Another Take on Night Vision

Jack Kramer

A few years ago we had an article in the newsletter about ways to improve your night vision when observing. That article is archived on our club web site and was read by Allen Osborne, a retired U.S. Army NCO. Allen offered some additional ideas about night vision, based largely on his experience while in the military.

Soldiers are trained to close their "firing eye" when encountering light at night, which echoes our suggestion to close your observing eye while reading charts. Allen comments that, like astronomers, the Army also uses red light. While many people think they can see better at night with a red light, it actually just helps preserve night vision. The military also uses green or blue-green light inside some vehicles at night. There is a belief that green or blue-green light also helps preserve night vision. There is even a blue-green lens available for the GI flashlight.

Allen concurs with our idea of closing your eyes for a short while before observing in order to enhance night vision. He closes his eyes for at least one minute, sometimes two or three, to speed up the night vision. Another interesting technique he noted is the use of bayberry, which are little berries that are said to improve night vision in many people. Some allied pilots in WWII ate bayberry jam for a few days before night missions and many claimed to have improved night vision. Bayberry is commonly available as a dietary supplement in the form of capsules or pills. Allen has tried it and it seems to work, but the night vision improvement is subtle and you have to ingest bayberry for at least two to three days prior to when you need your night vision. He also uses it prior to nighttime fishing trips and when camping.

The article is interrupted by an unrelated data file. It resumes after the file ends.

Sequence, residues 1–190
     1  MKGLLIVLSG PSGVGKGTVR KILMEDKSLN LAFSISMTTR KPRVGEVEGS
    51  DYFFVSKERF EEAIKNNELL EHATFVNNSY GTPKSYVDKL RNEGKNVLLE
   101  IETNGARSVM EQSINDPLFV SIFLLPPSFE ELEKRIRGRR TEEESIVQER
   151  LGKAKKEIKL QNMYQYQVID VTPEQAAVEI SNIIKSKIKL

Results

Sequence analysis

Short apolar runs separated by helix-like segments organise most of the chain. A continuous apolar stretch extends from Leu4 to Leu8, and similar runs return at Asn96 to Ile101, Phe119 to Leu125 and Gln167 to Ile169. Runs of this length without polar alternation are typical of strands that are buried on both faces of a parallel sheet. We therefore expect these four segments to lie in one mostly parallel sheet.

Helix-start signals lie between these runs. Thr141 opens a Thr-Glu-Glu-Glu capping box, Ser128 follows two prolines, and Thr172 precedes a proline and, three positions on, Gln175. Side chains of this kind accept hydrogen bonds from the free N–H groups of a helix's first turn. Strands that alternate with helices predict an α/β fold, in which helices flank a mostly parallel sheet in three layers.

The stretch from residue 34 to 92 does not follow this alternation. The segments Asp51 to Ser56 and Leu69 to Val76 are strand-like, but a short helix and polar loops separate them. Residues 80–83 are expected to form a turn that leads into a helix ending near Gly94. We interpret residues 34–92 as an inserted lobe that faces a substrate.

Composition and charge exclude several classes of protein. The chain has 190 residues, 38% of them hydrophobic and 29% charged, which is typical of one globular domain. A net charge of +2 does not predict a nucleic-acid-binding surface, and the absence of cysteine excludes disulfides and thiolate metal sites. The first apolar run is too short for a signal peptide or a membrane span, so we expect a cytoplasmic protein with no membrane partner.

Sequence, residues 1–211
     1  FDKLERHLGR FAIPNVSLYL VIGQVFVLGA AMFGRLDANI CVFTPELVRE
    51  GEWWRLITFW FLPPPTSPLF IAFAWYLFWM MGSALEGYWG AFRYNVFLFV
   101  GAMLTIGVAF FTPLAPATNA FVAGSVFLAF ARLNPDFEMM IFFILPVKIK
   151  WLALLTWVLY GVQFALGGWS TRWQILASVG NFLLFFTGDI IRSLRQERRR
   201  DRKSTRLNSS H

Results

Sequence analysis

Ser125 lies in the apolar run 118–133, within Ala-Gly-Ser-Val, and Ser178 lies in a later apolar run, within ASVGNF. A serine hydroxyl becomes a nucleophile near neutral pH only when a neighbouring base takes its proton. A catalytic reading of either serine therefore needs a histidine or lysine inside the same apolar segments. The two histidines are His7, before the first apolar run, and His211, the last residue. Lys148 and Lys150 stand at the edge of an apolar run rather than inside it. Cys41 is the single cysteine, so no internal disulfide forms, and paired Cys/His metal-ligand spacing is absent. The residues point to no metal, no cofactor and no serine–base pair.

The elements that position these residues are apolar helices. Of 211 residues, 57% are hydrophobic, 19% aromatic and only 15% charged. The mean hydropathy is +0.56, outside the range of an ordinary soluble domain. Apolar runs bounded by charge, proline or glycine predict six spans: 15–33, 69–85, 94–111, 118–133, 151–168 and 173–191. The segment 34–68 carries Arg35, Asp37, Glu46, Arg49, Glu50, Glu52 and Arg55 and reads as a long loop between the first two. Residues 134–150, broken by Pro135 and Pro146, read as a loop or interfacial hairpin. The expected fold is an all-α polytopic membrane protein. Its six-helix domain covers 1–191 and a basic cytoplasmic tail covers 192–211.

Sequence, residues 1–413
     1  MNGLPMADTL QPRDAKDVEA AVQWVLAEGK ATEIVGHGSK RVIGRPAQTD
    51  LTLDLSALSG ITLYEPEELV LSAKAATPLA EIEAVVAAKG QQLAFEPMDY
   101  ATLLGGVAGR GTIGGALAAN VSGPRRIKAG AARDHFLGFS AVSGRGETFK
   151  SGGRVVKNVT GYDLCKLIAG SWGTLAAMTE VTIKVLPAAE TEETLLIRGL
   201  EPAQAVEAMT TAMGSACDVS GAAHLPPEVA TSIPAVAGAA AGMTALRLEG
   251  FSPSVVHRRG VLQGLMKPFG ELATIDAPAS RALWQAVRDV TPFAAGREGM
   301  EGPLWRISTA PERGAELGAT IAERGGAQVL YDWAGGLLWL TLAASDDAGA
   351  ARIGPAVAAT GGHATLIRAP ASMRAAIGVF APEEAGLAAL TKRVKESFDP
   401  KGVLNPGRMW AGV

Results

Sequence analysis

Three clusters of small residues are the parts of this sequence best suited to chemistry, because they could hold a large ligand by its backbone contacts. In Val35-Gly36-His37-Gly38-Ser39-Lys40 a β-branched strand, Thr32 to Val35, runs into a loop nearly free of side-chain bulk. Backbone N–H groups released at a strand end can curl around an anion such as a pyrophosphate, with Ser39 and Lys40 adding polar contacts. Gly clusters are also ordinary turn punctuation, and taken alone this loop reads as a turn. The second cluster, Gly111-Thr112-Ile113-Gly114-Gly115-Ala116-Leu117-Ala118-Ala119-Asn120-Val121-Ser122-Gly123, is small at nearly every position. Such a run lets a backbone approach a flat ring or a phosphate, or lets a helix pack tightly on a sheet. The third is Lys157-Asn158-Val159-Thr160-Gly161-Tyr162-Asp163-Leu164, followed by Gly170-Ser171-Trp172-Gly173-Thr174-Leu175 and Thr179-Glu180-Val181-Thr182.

Another suggestion in our article was to wear sunglasses during the day, even after the sun has set. Allen also has donned sunglasses at home for a few minutes prior to going outside at night. They help cut down on the light, and night vision develops more quickly once outside in the dark.

Some of these ideas may sound odd but if they work for you, that's the bottom line.

Published in the February 2000 issue of the NightTimes